Re: That mythical "core of good ideas"
- Subject: Re: That mythical "core of good ideas"
- From: Allen Flanigan <aflanigan@COMCAST.NET>
- Date: Fri, 1 Nov 2002 08:36:28 -0500
- Reply-to: Assessment Reform Network Mailing List <ARN-L@LISTS.CUA.EDU>
- Sender: Assessment Reform Network Mailing List <ARN-L@LISTS.CUA.EDU>
You are wrong. The language I used in my post about "skills and knowledge that all students will need to succeed" does not come from some progressive educators' little red book; it comes straight from the mouths of the politicians who are selling us this bill of goods.
So before you argue that "Standards-based education reform (SBER) as implemented in 49 states and the NCLB legislation is a reflection of and advocacy for the implementation of a traditional approach.", maybe you'd better check your facts. It may be argued that way in Kentucky, but I'm willing to bet that in your state as well, similar rationales ("these standards reflect the skills and knowledge students will need to be competitive in the 21st century economy" and similar paeans) have been spouted by supporters of the standards.
And, no, I'm not arguing "that SBER and traditionalism are wrong because they do not reflect progressive principles" (although you would obviously like to frame it that way to get back to your pet dichotomy). Look at my message. I'm arguing that the rationale we have been offered as to why Virginia's high stakes testing and accountability is needed is based on false assumptions (see my previous post below regarding the three legs of the stool). Feel free to contact the Virginia Board of Ed to give them your much more convincing arguments for high stakes testing and punishing students and schools; I'm just relating to you what they have told us regarding the "core of good ideas" or "simple, common sense concept" which lies behind this reform.
----- Original Message -----
From: George Cunningham
Sent: Friday, November 01, 2002 1:23 AM
Subject: Re: That mythical "core of good ideas"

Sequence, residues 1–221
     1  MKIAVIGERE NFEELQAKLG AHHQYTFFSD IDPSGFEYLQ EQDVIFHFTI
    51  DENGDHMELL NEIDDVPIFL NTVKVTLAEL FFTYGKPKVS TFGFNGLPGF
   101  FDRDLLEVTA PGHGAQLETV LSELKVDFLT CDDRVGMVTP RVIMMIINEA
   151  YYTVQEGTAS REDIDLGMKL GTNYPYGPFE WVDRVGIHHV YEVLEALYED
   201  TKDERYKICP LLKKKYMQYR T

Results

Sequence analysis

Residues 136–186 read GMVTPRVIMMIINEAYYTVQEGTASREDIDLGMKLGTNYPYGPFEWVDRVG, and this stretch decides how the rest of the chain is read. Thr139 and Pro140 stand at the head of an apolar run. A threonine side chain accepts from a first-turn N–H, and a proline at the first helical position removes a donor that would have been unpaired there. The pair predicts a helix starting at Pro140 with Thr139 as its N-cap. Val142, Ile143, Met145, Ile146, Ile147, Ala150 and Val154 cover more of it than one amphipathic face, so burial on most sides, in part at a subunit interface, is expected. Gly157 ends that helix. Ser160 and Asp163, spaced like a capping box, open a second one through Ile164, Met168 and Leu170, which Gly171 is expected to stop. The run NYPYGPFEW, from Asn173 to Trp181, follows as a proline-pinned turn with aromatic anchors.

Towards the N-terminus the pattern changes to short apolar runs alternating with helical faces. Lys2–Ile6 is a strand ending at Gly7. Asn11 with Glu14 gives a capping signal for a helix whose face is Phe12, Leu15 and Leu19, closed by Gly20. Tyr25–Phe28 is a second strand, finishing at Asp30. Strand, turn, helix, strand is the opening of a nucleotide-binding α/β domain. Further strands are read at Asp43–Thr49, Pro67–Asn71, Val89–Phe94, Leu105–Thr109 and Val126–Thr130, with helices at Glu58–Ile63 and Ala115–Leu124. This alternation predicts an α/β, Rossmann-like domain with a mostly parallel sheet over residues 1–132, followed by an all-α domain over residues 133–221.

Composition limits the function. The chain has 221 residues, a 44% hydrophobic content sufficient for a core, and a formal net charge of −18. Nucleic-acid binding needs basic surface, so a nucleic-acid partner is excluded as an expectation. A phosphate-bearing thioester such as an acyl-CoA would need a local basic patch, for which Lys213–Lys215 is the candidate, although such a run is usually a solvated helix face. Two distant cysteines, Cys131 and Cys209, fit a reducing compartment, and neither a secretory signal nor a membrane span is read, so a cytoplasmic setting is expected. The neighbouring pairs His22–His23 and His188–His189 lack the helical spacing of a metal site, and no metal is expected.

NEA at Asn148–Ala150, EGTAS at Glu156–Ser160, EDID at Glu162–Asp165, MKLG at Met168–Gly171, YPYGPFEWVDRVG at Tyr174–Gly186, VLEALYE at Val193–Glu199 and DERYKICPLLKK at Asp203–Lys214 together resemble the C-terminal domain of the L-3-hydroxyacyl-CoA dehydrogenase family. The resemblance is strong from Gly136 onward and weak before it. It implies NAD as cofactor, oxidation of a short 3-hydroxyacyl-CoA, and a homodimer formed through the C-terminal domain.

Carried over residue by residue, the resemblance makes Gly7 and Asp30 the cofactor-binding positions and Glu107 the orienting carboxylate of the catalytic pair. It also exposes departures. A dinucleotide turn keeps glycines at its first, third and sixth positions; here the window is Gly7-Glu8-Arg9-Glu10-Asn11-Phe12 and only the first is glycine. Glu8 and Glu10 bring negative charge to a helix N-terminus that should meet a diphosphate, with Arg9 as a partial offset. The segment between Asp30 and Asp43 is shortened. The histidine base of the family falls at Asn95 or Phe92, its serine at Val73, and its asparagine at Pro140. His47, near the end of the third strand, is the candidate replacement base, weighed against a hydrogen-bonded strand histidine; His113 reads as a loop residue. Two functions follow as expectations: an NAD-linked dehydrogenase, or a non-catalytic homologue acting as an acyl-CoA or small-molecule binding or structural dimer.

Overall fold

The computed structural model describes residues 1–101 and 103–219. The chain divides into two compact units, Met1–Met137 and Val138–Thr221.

Interesting post. I like it because it illustrates the dichotomy between traditionalism and progressive education that I occasionally annoy some of the members of this list with.
There are of course many differences between traditionalism and progressive education and some of these have changed over the years, which has been the focus of my discussions on this topic before. The most important difference is in how they define the purpose of education, the reason for schools. Traditionalists believe that the purpose of schools is to increase student "achievement" as measured by standardized tests. The content that they think is important is a traditional liberal arts curriculum that includes math, science, history, and literature among others. They believe that all students can and should learn this content.
Progressive educators believe that schools have a different purpose Instead of achievement, they should promote "learning," which cannot be measured by standardized achievement tests. They also believe that students should learn those things that will be useful to them when they graduate. They therefore do not emphasize traditional liberal arts content.
Both groups want what is best for students, but they define this differently. It makes no sense to vilify the side with which you disagree. They are not evil or malevolent people with suspect motives, they just define the purpose of schools differently.
Standards-based education reform (SBER) as implemented in 49 states and the NCLB legislation is a reflection of and advocacy for the implementation of a traditional approach.
What you have done in our message is argue that SBER and traditionalism are wrong because they do not reflect progressive principles. The standards focus on traditional content rather than that which is practical as advocated by progressive educators and SBER defines school success in terms of academic achievement.